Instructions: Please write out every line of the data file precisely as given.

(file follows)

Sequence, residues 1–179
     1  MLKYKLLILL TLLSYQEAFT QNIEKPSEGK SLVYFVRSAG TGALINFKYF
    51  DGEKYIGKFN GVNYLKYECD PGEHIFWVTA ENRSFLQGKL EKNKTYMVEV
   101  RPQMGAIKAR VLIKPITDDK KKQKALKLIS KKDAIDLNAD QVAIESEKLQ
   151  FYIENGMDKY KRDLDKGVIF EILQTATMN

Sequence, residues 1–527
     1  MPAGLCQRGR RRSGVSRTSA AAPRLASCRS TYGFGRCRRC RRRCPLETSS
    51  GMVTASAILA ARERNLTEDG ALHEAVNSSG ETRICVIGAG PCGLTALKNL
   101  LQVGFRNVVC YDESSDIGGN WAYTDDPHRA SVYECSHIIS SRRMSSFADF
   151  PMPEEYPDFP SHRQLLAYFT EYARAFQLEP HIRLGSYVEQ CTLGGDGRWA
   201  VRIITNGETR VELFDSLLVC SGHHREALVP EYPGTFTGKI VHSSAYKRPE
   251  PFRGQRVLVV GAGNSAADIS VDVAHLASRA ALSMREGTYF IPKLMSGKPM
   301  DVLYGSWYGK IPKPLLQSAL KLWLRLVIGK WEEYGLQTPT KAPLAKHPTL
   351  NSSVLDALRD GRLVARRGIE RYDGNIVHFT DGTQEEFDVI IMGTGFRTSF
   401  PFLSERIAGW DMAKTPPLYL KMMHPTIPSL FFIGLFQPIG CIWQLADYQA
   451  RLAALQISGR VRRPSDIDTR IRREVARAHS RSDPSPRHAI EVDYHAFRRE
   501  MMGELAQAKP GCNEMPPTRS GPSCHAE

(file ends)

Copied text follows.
Sequence, residues 1–179
     1  MLKYKLLILL TLLSYQEAFT QNIEKPSEGK SLVYFVRSAG TGALINFKYF
    51  DGEKYIGKFN GVNYLKYECD PGEHIFWVTA ENRSFLQGKL EKNKTYMVEV
   101  RPQMGAIKAR VLIKPITDDK KKQKALKLIS KKDAIDLNAD QVAIESEKLQ
   151  FYIENGMDKY KRDLDKGVIF EILQTATMN

Sequence, residues 1–527
     1  MPAGLCQRGR RRSGVSRTSA AAPRLASCRS TYGFGRCRRC RRRCPLETSS
    51  GMVTASAILA ARERNLTEDG ALHEAVNSSG ETRICVIGAG PCGLTALKNL
   101  LQVGFRNVVC YDESSDIGGN WAYTDDPHRA SVYECSHIIS SRRMSSFADF
   151  PMPEEYPDFP SHRQLLAYFT EYARAFQLEP HIRLGSYVEQ CTLGGDGRWA
   201  VRIITNGETR VELFDSLLVC SGHHREALVP EYPGTFTGKI VHSSAYKRPE
   251  PFRGQRVLVV GAGNSAADIS VDVAHLASRA ALSMREGTYF IPKLMSGKPM
   301  DVLYGSWYGK IPKPLLQSAL KLWLRLVIGK WEEYGLQTPT KAPLAKHPTL
   351  NSSVLDALRD GRLVARRGIE RYDGNIVHFT DGTQEEFDVI IMGTGFRTSF
   401  PFLSERIAGW DMAKTPPLYL KMMHPTIPSL FFIGLFQPIG CIWQLADYQA
   451  RLAALQISGR VRRPSDIDTR IRREVARAHS RSDPSPRHAI EVDYHAFRRE
   501  MMGELAQAKP GCNEMPPTRS GPSCHAE